26. Thank you for this post, Emily. My husband is not a “professional” pastor. In fact, he is in the construction industry (which is truthfully a rough place to be for a Christian).

    Yet, when you wrote these words: “And the fact that he is not on a payroll at a church does not mean he isn’t a pastor; it just means his pastoring looks different right now” – I can truly relate to this.

    My husband has never been on the payroll at a church, nor has he ever been to seminary. Yet his love for God and desire to pastor others in a profession that tries to rip his faith into shreds each and every day is amazing to me. I love that he takes the time to “pastor” these men to know Christ. To “pastor” the middle school youth that he works with at our church. To “pastor” myself and our four children with prayers, encouragement and his spiritual leading.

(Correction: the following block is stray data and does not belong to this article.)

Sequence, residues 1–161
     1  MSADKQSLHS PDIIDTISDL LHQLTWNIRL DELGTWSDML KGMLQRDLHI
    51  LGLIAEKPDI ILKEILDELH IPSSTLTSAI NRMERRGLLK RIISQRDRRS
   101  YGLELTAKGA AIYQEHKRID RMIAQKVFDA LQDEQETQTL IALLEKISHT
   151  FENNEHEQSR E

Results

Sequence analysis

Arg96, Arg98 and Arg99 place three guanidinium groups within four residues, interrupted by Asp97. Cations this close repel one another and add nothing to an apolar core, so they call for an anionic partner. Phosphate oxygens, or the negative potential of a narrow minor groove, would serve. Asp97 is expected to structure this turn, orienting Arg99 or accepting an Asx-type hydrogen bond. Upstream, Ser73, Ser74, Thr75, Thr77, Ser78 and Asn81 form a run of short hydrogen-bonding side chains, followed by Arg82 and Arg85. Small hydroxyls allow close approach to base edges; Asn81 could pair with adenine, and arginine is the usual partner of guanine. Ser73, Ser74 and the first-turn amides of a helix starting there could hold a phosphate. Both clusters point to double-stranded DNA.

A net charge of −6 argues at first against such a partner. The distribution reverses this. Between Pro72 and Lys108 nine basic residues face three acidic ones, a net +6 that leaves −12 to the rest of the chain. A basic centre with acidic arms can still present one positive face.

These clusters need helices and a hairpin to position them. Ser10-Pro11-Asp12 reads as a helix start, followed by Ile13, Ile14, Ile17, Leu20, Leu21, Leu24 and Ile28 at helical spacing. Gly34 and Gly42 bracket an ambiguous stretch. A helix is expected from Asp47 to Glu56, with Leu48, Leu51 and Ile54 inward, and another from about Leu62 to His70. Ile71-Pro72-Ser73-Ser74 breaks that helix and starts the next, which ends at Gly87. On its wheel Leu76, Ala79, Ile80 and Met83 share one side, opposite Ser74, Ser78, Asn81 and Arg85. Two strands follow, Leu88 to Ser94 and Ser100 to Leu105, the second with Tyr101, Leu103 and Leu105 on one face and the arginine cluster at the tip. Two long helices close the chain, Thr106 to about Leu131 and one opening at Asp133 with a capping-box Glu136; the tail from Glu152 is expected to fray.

Thank you for acknowledging that “pastoring,” indeed, has many faces but beats by the same loving heart for Christ.

  27. Emily – I am learning how to “rest.” No one teaches this…they just say you should do it. Resting previously had been something I NEEDED to do because of my health and when I did I felt guilty because I would compare myself to others. I am now retired from a job I loved. I am now embracing physical resting and it is so sweet. But sweeter than that is spiritual resting….resting and embracing this time of my life, facing fears, intentionally looking for God and finding Him in unexpected places. It’s like a constant birthday party for me being the receiver of gifts God probably would have loved to give me before retirement. I loved reading your thoughts. Thank you. Kathy R.